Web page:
Black gun ownership in America dates back to before the country's founding.
Firearms helped aid Nat Turner's rebellion against white enslavers.
Harriet Tubman famously carried her pistol along the Underground Railroad.
Civil rights leaders felt it was necessary to arm themselves against potential racial violence: from journalist Ida B. Wells insisting that every Black home be equipped with a Winchester rifle ... to Martin Luther King, Jr. trying to obtain a concealed carry license.
And in recent years, more Black Americans are buying guns.
Chicago-based photographer Christian Lee wanted to present a specific picture of Black gun ownership. He called his project "Armed Doesn't Mean Dangerous."
And he set out to photograph Black gun owners in his hometown.
Many African Americans in urban communities have shown interest in the Second Amendment due to a need for survival, rather than an obsession with guns.
"There is a higher crime rate when people cannot work and earn," says Chicago resident Angela Ross Williams. The 67-year-old became a gun owner out of necessity to protect herself from crime in the city. Angela says that she's experienced slow police response times, which has lowered her trust in local law enforcement to protect her against crime.
The Educational Fund to Stop Gun Violence supports Williams' claim. Its research concludes that the root cause of gun violence is poverty and lack of opportunity, among other factors.
African Americans have used firearms throughout history to defend against the woes of racism and poverty.
In 1921, a group of armed Black World War I veterans came to the aid of a community member who was in danger of being lynched by an angry white mob at the Tulsa County Courthouse. The veterans were asked to leave by the sheriff. But the site of armed Black residents enraged the mob so much that a fight ensued, leading to the start of the Tulsa Race massacre.
Decades later, in 1967, California introduced the Mulford Act, which targeted members of the Black Panther Party. The members had been conducting neighborhood armed patrols they said were meant to protect Black communities from police brutality, as described by Bobby Seale in 1968.
Vanessa Leroy photo edited this story.
Follow Christian K. Lee on Instagram: @chrisklee_jpeg
AILSA CHANG, BYLINE: Black gun ownership in America goes back centuries. Firearms helped aid Nat Turner's rebellion against white enslavers. Harriet Tubman famously carried her pistol along the Underground Railroad. Later, civil rights leaders felt it was necessary to arm themselves against potential racial violence, from journalist Ida B. Wells insisting that every Black home be equipped with a Winchester rifle to Martin Luther King Jr., who tried to obtain a concealed carry license. And in recent years, more Black Americans are buying guns.
Chicago-based photographer Christian Lee wanted to present a specific picture of Black gun ownership. He called his project "Armed Doesn't Mean Dangerous," and he set out to photograph Black gun owners in his hometown. You can see those pictures on npr.org. When I spoke to Christian Lee earlier, he told me that he found some of the people to photograph for this project at gun ranges.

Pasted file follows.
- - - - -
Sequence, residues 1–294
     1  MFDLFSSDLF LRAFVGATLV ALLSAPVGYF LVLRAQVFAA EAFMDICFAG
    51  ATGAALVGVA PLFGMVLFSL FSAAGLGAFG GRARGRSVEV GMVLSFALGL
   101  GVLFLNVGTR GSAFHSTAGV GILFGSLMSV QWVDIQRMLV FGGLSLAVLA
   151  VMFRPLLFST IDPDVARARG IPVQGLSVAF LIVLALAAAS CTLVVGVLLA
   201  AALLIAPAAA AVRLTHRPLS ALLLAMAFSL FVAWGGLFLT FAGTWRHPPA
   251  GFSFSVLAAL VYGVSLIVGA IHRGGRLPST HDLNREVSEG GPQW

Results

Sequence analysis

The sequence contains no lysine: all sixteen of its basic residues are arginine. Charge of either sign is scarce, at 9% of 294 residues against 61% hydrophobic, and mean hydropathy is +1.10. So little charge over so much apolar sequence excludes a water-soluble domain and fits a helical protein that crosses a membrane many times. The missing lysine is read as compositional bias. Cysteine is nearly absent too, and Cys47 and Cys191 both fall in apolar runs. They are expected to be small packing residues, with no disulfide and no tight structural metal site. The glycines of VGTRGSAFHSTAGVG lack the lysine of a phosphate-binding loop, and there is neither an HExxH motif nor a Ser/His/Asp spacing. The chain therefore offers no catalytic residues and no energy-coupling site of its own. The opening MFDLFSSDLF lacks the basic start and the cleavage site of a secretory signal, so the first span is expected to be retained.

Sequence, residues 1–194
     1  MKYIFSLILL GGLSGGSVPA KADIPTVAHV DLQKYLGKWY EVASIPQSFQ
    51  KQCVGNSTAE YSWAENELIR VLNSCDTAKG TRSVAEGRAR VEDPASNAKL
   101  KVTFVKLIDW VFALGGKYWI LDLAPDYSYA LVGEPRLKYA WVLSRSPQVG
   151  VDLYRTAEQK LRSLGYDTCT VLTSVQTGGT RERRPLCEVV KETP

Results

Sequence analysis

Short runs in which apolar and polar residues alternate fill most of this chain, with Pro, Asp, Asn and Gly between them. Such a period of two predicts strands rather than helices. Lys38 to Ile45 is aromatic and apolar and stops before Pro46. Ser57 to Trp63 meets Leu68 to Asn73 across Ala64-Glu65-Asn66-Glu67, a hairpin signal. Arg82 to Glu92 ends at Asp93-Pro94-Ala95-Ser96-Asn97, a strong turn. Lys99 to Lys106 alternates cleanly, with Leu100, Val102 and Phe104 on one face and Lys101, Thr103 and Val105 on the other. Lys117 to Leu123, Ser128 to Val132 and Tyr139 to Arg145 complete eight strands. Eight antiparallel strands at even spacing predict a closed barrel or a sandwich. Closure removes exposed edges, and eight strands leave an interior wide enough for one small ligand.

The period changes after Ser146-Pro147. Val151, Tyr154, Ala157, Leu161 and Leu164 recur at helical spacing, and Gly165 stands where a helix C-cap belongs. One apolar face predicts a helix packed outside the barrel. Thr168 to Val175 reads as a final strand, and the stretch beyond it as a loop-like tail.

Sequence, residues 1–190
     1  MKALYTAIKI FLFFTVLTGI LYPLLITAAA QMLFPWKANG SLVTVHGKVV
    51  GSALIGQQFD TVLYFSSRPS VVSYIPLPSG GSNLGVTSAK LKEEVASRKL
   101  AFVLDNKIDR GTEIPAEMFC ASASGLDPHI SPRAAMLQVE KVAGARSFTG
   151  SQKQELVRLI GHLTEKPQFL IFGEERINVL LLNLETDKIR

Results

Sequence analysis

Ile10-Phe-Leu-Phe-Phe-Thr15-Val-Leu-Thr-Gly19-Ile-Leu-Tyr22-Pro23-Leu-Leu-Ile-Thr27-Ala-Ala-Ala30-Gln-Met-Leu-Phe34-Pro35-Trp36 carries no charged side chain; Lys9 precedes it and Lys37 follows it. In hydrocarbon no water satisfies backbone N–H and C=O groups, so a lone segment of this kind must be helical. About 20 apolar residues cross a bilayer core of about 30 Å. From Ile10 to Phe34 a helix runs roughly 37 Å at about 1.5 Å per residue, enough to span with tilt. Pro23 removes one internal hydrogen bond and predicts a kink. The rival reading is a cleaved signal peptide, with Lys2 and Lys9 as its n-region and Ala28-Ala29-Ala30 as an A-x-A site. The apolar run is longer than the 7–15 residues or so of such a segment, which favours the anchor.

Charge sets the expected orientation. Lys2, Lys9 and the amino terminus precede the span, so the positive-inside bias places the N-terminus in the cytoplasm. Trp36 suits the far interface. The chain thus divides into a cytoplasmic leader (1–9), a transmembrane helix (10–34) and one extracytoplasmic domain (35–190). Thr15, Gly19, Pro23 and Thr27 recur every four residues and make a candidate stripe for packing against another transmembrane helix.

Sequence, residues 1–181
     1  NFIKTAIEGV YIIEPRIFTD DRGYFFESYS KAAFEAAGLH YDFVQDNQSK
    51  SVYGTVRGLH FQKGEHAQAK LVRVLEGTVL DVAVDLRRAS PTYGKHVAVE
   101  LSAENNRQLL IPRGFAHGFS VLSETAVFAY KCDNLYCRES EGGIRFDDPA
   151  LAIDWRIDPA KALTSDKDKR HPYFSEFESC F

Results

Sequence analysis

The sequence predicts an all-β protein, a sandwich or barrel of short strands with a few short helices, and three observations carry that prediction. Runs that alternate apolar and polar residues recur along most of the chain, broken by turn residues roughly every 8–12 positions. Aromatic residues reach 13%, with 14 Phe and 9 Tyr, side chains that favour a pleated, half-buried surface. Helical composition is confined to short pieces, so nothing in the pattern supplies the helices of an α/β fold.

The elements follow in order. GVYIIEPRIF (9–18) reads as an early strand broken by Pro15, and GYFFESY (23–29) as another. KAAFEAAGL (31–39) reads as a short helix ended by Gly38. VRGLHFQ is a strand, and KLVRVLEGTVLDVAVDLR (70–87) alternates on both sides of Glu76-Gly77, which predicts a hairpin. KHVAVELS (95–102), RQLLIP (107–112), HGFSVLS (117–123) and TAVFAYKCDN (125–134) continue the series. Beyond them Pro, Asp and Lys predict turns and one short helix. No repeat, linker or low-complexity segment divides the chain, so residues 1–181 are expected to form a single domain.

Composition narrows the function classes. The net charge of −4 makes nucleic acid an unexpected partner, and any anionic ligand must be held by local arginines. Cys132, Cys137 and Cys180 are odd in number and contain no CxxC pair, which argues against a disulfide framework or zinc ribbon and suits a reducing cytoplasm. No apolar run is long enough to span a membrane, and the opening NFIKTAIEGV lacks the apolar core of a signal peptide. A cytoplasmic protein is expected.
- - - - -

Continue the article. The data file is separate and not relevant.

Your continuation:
CHRISTIAN LEE: Yeah. I always tell people one of the hardest things to do is to walk into a white gun range and ask, hey, where is your Black gun owners?
LEE: And interesting enough, you know, those people were very helpful to me, you know? And I found - I ended up finding one owner that introduced me to another owner. And then I just found myself immersed into - in the community. I really wanted to make sure that I was hearing directly from the mouths of people instead of what I was seeing on TV.
CHANG: I am curious, Christian, are you, yourself, a gun owner? Did you grow up learning how to shoot guns?
LEE: So interesting story. I grew up in a household where my father was a Vietnam-era veteran. And he was a Chicago-area police officer. However, we lived in one of the most crime-ridden neighborhoods in Chicago. So it wasn't until I joined the military and moved to Texas that I actually saw firearms be used in a positive way. The Army is what put the gun in my hand for the first time, right? But it was living in Texas, not necessarily the Army, that I actually saw hunters, that I actually saw, you know, people that just wanted to protect their home, which is directly opposite to what I saw in TV and news in Chicago, where I saw was mostly depicted as criminals. And I set off to conduct my own research to determine why.
CHANG: Can you describe this photography project? Because people who are listening may not have a chance to look at these photos (laughter) - right? - as they're listening to us.
CHANG: Maybe describe, like, one photo that you feel is particularly emblematic?
LEE: There's an image - so most of the images I take - I made portraits using a 4-by-5 camera. And it was one image that I took, it was in a forest with the gun owner and his son. And he's, you know, holding his son near him. The father and the son is embracing. You could see that this firearm is almost being, like, passed down in a responsible manner. Those were the images that I was not seeing growing up in my hometown. I wanted to make sure I expanded the archive of African American gun ownership in our country.
CHANG: That is Chicago-based photographer Christian Lee talking about his new project called "Armed Doesn't Mean Dangerous." You can see the people he's been telling us about at npr.org. Thank you so much, Christian.
LEE: Thank you for having me.
(SOUNDBITE OF 9TH WONDER'S "SEASON COURAGE") Transcript provided by NPR, Copyright NPR.